2017 Engineering Leaders Under 40

Control Engineering and Plant Engineering are honored to have discovered and to serve the 35 engineering professionals named as this year’s Engineering Leaders Under 40.


There are three building blocks to becoming a successful and impactful Engineering Leader Under 40: education, workplace contributions, and engineering community participation. These key identifiers, along with a few other unique attributes, are clearly represented by the Class of 2017.


The 2017 Engineering Leaders Under 40 are well educated, each of whom have earned a degree in at least one engineering discipline. In total, this year's Leaders hold 48 academic degrees: 3 associates, 31 bachelor’s, 13 master’s, and 1 doctoral. The most studied disciplines among the Leaders are electrical engineering, chemical engineering, mechanical engineering, industrial engineering, and computer or software engineering.

Workplace contributions

The engineering community as a collective would agree that being detail-oriented is a must in this field, and the Class of 2017 takes this skill to the next level, applying it to each project and pushing themselves—and their companies—further ahead of the competition. Among other impressive achievements, this year's Leaders are developing solutions to reduces cost and improve product quality, founding holistic cybersecurity platforms, and keeping workers safe on the job.

Community involvement

The Class of 2017 has been working hard to inspire the next generation of engineers. Whether through volunteer work or mentoring youth and colleagues, each Leader has been making their mark on the future of engineering outside of their work day responsibilities. A few examples of this commitment include developing science, technology, engineering, and mathematics (STEM) programs for K-8 children; coaching a high school FIRST robotics team; growing programs to encourage female engineering students; building houses with Habitat for Humanity; and teaching Cub Scouts how to design and build video games.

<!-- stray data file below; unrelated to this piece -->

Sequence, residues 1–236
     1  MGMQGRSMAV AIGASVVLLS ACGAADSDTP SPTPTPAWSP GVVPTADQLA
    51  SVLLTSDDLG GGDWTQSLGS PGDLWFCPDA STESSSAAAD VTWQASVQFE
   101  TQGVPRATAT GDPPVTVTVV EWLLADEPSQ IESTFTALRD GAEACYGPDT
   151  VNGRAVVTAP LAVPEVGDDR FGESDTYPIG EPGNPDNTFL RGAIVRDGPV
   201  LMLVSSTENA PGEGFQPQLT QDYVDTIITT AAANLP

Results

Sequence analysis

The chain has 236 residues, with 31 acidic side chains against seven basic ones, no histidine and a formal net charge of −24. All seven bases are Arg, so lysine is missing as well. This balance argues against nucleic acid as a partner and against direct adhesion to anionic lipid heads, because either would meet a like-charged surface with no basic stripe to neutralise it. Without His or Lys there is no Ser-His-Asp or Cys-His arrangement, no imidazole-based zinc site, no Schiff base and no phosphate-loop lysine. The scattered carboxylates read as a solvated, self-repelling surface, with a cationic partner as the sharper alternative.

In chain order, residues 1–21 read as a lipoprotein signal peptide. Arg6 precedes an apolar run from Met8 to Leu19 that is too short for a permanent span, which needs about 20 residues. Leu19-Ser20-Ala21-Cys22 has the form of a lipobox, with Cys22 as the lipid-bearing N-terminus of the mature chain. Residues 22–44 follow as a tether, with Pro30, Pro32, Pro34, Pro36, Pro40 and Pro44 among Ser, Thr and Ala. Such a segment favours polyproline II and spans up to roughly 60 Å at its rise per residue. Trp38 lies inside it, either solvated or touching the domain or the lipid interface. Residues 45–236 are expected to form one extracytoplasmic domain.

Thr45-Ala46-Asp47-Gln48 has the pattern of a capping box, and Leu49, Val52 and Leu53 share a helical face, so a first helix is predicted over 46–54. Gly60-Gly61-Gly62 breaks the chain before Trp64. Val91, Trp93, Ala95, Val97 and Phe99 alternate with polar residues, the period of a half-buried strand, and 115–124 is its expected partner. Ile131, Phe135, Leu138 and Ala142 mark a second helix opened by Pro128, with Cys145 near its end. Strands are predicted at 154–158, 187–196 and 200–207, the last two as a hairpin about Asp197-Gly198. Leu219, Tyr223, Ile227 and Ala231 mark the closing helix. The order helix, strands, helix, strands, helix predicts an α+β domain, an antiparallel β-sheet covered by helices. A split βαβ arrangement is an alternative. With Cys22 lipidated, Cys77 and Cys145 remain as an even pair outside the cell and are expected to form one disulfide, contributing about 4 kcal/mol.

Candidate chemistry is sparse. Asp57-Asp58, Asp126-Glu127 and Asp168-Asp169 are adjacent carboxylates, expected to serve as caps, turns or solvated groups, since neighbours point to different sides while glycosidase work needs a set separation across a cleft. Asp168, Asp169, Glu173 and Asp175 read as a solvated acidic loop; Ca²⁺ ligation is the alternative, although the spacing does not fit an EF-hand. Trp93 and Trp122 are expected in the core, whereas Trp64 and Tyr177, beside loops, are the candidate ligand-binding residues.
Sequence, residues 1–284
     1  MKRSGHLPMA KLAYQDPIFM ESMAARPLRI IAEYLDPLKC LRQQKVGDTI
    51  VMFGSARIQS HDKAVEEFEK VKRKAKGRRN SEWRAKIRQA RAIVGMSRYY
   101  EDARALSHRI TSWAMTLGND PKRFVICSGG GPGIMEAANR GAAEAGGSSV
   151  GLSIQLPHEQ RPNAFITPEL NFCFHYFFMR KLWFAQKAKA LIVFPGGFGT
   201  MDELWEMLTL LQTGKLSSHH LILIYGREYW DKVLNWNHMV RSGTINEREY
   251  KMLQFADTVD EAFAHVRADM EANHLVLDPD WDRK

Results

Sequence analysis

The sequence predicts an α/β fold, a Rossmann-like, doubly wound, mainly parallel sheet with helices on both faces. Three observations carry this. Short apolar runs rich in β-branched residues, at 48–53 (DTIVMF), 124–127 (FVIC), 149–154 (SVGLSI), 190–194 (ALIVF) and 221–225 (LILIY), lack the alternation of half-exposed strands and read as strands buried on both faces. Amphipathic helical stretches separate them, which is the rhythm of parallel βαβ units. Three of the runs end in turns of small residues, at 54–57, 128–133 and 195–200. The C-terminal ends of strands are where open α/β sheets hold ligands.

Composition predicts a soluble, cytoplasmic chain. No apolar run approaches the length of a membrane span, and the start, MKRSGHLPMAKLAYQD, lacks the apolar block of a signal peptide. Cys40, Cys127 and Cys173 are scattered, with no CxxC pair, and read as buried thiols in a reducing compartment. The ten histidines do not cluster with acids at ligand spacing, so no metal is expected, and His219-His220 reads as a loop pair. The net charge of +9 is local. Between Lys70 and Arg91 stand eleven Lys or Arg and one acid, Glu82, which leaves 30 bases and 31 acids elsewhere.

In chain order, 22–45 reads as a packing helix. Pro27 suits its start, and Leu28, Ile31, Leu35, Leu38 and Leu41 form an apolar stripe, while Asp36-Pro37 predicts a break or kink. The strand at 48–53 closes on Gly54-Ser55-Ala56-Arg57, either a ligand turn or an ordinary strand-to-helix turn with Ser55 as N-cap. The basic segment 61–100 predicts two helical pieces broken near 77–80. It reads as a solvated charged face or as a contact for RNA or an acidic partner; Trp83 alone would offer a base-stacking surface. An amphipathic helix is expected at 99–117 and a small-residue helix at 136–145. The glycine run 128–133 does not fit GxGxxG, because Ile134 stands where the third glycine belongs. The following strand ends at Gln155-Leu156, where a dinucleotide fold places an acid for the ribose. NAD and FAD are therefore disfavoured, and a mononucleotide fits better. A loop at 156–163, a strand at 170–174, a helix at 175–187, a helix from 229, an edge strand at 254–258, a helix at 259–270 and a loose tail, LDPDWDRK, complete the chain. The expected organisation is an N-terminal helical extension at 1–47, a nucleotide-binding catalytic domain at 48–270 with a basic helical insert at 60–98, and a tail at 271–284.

The 2017 Engineering Leaders Under 40 will be honored at the 2018 Engineering Awards in Manufacturing dinner hosted by CFE Media in early Spring 2017, in downtown Chicago. For information on how to nominate for 2018, visit www.plantengineering.com/EngineeringLeaders. Sierra Grayson, Amanda Pelliccione, Mark Hoske, and Bob Vavra are CFE Media staff involved in this year’s program management, selection, writing, and editing.

View the 2017 Engineering Leaders Under 40 here!

Top Plant
The Top Plant program honors outstanding manufacturing facilities in North America. View the 2017 Top Plant.
Product of the Year
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System Integrator of the Year
Each year, a panel of Control Engineering and Plant Engineering editors and industry expert judges select the System Integrator of the Year Award winners in three categories.
May 2018
Electrical standards, robots and Lean manufacturing, and how an aluminum packaging plant is helping community growth.
April 2018
2017 Product of the Year winners, retrofitting a press, IMTS and Hannover Messe preview, natural refrigerants, testing steam traps
March 2018
SCCR, 2018 Maintenance study, and VFDs in a washdown environment.
April 2018
ROVs, rigs, and the real time; wellsite valve manifolds; AI on a chip; analytics use for pipelines
February 2018
Focus on power systems, process safety, electrical and power systems, edge computing in the oil & gas industry
December 2017
Product of the Year winners, Pattern recognition, Engineering analytics, Revitalize older pump installations
Spring 2018
Burners for heat-treating furnaces, CHP, dryers, gas humidification, and more
April 2018
Implementing a DCS, stepper motors, intelligent motion control, remote monitoring of irrigation systems
February 2018
Setting internal automation standards

Annual Salary Survey

Before the calendar turned, 2016 already had the makings of a pivotal year for manufacturing, and for the world.

There were the big events for the year, including the United States as Partner Country at Hannover Messe in April and the 2016 International Manufacturing Technology Show in Chicago in September. There's also the matter of the U.S. presidential elections in November, which promise to shape policy in manufacturing for years to come.

But the year started with global economic turmoil, as a slowdown in Chinese manufacturing triggered a worldwide stock hiccup that sent values plummeting. The continued plunge in world oil prices has resulted in a slowdown in exploration and, by extension, the manufacture of exploration equipment.

Read more: 2015 Salary Survey

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